Sorry you have fibro too. Fibro at a younger age is often related to hereditary factors.
I am unable to offer medical opinions here. You should work with your doctors for specific advice regarding your specific situation. Here are some general thoughts:
Lead poisoning is a specific condition completely unrelated to fibro. Lead toxicity in children can result from exposure to old paint or contaminated toys. In adults, chronic occupational exposure is the usual culprit. There is no relationship, to my knowledge, with having fibro and getting lead toxicity, or vice versa.
There are typical clinical findings in lead poisoning. Measuring blood levels for high lead content is the standard diagnostic test. If one of my patients had a negative blood lead test, I would not consider a diagnosis of lead poisoning, nor would I discuss chelation therapy or other treatments for lead toxicity.
I know the author of that book very well. I hear he's very funny and extremely intelligent
I hope your meds are helping, along with your quest to educate yourself about fibro...good job!
I think magnesium supplements can be very helpful in many with fibro and I still recommend this supplement often to my patients. I encourage those who are not my patients to research the possible benefits of Mg in fibro and discuss with their doctor.
Many products are available for natural sleep, and many companies are out there. As you've read from my writings outside of this forum, I have found certain products and a certain company that I am comfortable recommending to my patients. I'm sure your research will help you as your continue to learn about anything that might help you better manage your fibro!
Sorry you have this disease. You've gotten some great responses. I use my "1/3 rule" as a rule of thumb when talking about fibro and prognosis. This means over time, 1/3 of the people with a diagnosis of fibro will stay the same, 1/3 will report feeling better, and 1/3 will feel they get worse.
Thank you for your nice comments! You're right, that was my latest book. I have written numerous other books over the years; my "Up Close and Personal" was an update from my previous book "Inside Fibromyalgia," so you would be current once you finish the "Up Close and Personal."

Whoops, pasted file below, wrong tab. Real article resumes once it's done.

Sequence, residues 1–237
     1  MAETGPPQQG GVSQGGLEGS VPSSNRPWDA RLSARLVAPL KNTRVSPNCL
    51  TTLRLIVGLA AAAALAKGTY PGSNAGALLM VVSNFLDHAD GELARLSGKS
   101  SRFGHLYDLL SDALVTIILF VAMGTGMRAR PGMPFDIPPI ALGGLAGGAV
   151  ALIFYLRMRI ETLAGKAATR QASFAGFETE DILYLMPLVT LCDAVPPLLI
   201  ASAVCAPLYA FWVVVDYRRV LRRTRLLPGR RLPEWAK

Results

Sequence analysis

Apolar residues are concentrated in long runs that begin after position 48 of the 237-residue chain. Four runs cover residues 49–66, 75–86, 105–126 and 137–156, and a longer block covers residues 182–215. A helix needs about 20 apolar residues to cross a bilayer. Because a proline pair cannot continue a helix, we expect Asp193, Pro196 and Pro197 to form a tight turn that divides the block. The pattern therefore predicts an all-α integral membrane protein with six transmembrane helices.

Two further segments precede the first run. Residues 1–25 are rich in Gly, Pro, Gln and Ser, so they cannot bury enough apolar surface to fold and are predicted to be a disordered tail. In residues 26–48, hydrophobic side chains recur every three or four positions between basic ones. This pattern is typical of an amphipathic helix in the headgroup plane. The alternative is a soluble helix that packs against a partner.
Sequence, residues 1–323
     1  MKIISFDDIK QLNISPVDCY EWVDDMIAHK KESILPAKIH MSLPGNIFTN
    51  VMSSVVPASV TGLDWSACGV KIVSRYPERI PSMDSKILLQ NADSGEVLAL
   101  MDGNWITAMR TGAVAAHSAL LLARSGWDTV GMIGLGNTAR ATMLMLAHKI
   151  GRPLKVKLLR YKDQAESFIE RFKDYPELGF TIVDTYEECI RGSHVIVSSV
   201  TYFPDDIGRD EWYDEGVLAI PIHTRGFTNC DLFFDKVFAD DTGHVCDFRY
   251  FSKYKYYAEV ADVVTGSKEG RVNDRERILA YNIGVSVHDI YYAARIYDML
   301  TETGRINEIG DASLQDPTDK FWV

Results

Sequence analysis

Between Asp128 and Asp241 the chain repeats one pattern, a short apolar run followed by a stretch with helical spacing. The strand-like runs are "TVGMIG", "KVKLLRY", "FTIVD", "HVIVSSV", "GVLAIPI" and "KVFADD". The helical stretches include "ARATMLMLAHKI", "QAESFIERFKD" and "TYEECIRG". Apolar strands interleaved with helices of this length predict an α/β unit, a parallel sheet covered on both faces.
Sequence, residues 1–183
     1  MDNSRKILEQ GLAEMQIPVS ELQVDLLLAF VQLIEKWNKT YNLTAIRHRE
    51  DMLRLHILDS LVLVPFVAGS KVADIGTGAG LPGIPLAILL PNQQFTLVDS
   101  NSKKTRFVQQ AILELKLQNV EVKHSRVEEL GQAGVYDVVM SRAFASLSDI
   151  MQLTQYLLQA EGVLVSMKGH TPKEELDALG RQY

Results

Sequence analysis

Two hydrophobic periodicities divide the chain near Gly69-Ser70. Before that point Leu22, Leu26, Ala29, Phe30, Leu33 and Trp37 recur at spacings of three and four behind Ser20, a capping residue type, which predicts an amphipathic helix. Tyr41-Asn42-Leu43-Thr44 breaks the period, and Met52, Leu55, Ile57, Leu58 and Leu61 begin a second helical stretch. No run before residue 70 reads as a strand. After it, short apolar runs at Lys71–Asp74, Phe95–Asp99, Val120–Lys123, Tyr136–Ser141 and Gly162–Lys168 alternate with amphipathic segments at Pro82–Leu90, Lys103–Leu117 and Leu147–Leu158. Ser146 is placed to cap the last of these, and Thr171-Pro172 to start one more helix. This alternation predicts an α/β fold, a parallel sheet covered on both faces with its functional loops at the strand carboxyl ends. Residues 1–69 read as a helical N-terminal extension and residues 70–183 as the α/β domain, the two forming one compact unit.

I've planned to update/write a latest book and include a Kindle version..I think I've been "planning" this for several years now. Perhaps I can blame my fibro for blocking the path from planning it to actually doing it!
I'll let you know if I get my next project completed sometime this decade!! In the meantime, I hope you enjoy and learn from the present book. When you're done, I hear the big heavy book makes a nice door stop
Good to hear from you! I hope you don't have GBS. No relationship exists between having fibro and getting GBS, and vice versa, to my knowledge. GBS is when the body attacks the nerves and causes weakness, among other symptoms. This autoimmune disease is often triggered by an infection. Fibro is completely different.
It's possible for someone to have both, coincidentally. Your doctor could determine if you have something else going on.
It used to be thought that fibro was caused by inflamed fascia. Over 100 years ago, physican Sir William Gower observed under a microscope a biopsy of back muscle from a man with chronic back pain. He described imflamed fascia which he coined "fibrositis." That name eventually became synonymous with our condition until "fibromyalgia" replaced it in the late 1980's.